Tyrone All-Ireland winning footballer Conn Kilpatrick has opened up his gambling addiction and recovery from the affliction.
The Edendork player - who is likely to win an All-Star this year - had a breakthrough season at midfield with Tyrone.
Speaking on Claire Byrne Live, Kilpatrick revealed that he racked up £10,000 - £15,000 in gambling debts by early 2018. He was just 21 at the time. There was an 18-month period where he managed to quit, but then relapsed for six months, a time during which he accumulated further debt.
Kilpatrick said his introduction to gambling was "quite innocent".
"I maybe started about 15 or 16 doing a wee bet with my father and my brother on a Saturday just for a bit of craic and a bit of banter," he said.
"Then as I grew older, it kind of became more apparent. I was going into the bookies more, I had a few online accounts; I just seemed to find myself in the bookies quite a lot and doing quite more than what had started off as a wee fiver bet that was quite innocent.
"When we were 16 or 17, we were allowed to go up the town with our friends. My parents gave me a tenner to go to the chippy. Maybe I had £2 change and would go into the bookies.
"We'd sneak in, not let the staff see us because we were underage. We'd play the roulette table. If I got that £2 back up to a tenner, I saw that as me getting a free feed. That’s how innocent it started off, and it just got gradually worse."
Three weeks ago Tyrone footballer Conn Kilpatrick was celebrating an All Ireland victory in Croke Park. But three years earlier he was struggling with a gambling addiction.#CBLive pic.twitter.com/0msxZwKSkw
— Claire Byrne Live (@ClaireByrneLive) October 4, 2021
Kilpatrick is unsure how his gambling transitioned from a £2 bet on a roulette machine to a full on addiction.
"I got hooked," he said.
"I loved the buzz of being there. You never had friends in the bookies, you just has acquaintances.
"I think back in 2018, people had an inkling because obviously if I was in the bookies quite a lot; with the football, people would have been talking saying ‘Did you see him?’ or ‘He’s been coming in quite regularly'.
"Then in 2018 it kind of all came out. I had just borrowed too much money and stole that much money that it all caught up with me.
"I was borrowing from friends and family. My brother, my granny - anywhere that I could get the money, to be honest.
"I was maybe saying that I needed to pay the car payment, or I was going on holidays and was a bit short and I needed a bit more.
"I could come up with a lie as quick as I could do anything. Whatever I needed to say to get it, I probably did say it. When you look back some of the things I said, it was crazy.
"I wasn’t a great person to be around. I was coming home and if I had won I was in a great mood but nine times out of ten I had lost so I was coming in very moody.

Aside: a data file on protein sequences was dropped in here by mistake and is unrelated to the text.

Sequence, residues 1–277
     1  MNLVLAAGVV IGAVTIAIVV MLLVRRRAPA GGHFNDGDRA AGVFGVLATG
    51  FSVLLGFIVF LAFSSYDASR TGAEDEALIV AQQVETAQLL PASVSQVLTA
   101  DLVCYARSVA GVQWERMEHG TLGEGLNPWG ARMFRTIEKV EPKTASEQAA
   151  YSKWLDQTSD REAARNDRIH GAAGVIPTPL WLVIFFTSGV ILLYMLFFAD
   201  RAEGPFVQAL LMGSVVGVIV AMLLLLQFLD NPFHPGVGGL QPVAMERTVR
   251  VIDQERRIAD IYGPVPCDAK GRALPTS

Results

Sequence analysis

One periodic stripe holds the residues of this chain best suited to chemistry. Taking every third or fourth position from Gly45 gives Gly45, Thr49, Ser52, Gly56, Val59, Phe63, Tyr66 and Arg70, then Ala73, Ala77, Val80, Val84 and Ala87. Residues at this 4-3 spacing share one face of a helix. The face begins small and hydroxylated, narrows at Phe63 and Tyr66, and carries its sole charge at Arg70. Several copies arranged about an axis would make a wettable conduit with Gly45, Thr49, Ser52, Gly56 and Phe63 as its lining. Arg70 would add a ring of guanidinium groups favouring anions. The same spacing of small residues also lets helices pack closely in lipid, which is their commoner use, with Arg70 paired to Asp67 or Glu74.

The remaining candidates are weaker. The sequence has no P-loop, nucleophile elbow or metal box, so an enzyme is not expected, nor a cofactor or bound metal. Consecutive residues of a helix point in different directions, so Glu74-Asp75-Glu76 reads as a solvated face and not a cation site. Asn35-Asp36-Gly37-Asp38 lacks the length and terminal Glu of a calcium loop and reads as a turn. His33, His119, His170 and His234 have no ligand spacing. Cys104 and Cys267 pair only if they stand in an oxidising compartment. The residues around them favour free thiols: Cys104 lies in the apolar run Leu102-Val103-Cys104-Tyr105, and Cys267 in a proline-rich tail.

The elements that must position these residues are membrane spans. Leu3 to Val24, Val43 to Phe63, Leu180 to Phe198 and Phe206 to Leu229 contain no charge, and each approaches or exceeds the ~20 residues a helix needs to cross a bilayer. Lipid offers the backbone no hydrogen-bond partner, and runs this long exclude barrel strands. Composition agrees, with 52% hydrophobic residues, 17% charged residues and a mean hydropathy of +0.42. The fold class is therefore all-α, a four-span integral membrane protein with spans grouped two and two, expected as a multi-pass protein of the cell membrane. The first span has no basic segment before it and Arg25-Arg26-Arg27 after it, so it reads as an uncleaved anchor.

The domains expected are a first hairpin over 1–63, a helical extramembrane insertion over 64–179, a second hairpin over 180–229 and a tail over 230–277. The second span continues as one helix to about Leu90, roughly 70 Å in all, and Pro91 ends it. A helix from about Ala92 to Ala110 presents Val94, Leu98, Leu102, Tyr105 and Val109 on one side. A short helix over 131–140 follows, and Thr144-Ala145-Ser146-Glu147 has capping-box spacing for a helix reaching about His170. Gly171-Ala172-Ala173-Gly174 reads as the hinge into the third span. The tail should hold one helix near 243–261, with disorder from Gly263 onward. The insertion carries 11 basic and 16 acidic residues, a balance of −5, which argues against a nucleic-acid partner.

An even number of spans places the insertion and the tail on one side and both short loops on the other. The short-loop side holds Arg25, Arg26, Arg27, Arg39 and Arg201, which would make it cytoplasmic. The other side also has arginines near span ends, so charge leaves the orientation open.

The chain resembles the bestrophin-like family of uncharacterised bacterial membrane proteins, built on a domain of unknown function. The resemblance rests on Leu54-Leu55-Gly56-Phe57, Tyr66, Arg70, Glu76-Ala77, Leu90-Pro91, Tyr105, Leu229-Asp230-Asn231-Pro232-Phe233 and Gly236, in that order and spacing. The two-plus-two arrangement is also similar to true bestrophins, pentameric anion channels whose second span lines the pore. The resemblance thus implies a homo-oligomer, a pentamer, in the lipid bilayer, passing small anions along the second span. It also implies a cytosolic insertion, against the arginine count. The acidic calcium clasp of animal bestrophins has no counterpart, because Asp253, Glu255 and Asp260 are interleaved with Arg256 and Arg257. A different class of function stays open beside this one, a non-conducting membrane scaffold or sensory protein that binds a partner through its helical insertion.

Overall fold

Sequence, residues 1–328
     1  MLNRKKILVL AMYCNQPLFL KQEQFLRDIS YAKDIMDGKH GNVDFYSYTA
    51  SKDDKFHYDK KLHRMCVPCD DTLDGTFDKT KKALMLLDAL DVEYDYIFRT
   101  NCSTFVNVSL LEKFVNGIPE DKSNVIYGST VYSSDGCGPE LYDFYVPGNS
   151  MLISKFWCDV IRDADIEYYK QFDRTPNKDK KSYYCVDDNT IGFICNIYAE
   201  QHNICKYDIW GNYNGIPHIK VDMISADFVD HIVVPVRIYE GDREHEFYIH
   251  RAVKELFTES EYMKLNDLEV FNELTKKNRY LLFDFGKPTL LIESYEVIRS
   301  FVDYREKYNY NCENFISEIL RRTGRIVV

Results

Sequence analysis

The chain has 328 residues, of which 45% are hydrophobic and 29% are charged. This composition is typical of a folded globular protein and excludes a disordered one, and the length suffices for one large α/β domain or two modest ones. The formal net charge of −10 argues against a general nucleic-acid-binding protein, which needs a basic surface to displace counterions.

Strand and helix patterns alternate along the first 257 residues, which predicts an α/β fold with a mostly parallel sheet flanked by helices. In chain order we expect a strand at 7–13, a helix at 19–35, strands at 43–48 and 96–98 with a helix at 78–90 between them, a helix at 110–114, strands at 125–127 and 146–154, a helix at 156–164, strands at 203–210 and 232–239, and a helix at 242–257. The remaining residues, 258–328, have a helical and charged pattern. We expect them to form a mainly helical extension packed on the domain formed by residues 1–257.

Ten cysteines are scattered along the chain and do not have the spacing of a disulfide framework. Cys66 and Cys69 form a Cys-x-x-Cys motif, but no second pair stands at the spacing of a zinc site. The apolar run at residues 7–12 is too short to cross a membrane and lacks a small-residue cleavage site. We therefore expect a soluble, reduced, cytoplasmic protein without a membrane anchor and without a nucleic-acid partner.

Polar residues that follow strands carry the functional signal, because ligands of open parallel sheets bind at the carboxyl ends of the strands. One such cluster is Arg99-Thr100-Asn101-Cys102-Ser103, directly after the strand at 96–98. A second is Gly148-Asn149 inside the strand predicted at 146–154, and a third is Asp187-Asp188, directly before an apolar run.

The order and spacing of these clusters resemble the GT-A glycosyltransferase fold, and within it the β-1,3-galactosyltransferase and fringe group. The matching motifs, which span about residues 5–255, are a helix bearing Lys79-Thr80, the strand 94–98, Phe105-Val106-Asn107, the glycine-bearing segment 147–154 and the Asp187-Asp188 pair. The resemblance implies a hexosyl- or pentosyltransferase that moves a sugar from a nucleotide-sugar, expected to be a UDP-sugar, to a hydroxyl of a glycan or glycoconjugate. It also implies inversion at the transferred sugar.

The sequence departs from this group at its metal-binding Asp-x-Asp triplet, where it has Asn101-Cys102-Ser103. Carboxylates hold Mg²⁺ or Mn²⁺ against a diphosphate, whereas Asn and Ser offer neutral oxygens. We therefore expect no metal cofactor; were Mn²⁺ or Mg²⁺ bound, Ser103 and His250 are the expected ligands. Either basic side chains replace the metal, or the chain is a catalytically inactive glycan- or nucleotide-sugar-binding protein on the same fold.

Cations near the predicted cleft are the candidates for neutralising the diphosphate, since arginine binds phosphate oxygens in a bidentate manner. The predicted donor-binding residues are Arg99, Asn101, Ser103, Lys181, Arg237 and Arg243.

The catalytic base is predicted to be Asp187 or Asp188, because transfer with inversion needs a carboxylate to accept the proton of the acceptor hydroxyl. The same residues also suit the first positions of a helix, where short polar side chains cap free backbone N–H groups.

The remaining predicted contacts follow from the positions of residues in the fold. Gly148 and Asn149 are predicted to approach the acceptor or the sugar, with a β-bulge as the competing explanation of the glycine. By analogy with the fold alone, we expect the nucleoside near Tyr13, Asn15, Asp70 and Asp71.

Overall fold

"Nobody could talk to me, I was always snapping back. I just wanted to go into my room and get on my phone and see who I could borrow money off, the next person, and what I was going to gamble on the next day, what football or horses.
"I was just kind of trying to think of ways to try and get that money back and get going again. It's terrible, to be honest."
11 September 2021; Conn Kilpatrick of Tyrone in action against Lee Keegan of Mayo during the All-Ireland Football Championship final. Photo by Brendan Moran/Sportsfile
Kilpatrick said he was "caught" in February 2018 when three of his closest friends approached his parents with some concerns.
"They’d just heard too much," he said.
"They landed down and told my parents.
"I was actually at my girlfriend’s house and I got the phone call from my father and he said ‘Come on home here’ and I just knew by the tone of his voice that 'You're caught'.
"[Those three friends] were worried about me. I knew who to go to for money and I knew to keep it out of my close circle because then I thought it would get back, obviously I went too far and they found out.
"I landed home, and my brother goes to me, 'He knows everything. You may come clean'. I think about 85 per cent, I admitted to. There were different things that I didn't want to tell."
Kilpatrick's parents got in touch with former Armagh footballer Oisín McConville, himself a former gambling addict turned counsellor.
11 September 2021; Conn Kilpatrick and Darren McCurry of Tyrone lifts the Sam Maguire Cup following the GAA Football All-Ireland Senior Championship Final match between Mayo and Tyrone at Croke Park in Dublin. Photo by Stephen McCarthy/Sportsfile
"There are Gamblers Anonymous meetings," said Kilpatrick.
"I didn't got to any of them for the first year-and-a-half. I felt I could get over this myself. I felt embarrassed that people in the town would see me going into this Gamblers Anonymous meeting, and people would be talking about me, and that kind of hurt. At the end of the day, I should have went to them."
A year-and-a-half after quitting, Kilpatrick relapsed. It was totally unplanned. He just woke up one morning, picked up his phone, and starting betting again. Six months later, a friend alerted Kilpatrick's father.
"[My father] was just distraught - ‘How can you let this happen? Do you not know what you’ve obviously done to the family and the hurt you’ve caused?’ And he was 100 per cent right," he said.
With the help of the Gaelic Players Association and a counsellor, Kilpatrick managed to quit again.
"I’ve been off it now a year and a half and it has changed my life, both on and off the pitch," he said.
"I can go to bed sleeping at night without worrying about who I owe money to, about where I’m going to get the money tomorrow. I can go to training. In the past I was going to training to probably get away from it and take a break from it but it was still hindering my football."
If you have been affected by the issues raised in this article, you can visit Problem Gambling, Dunlewey.org or Gamblers Anonymous for help.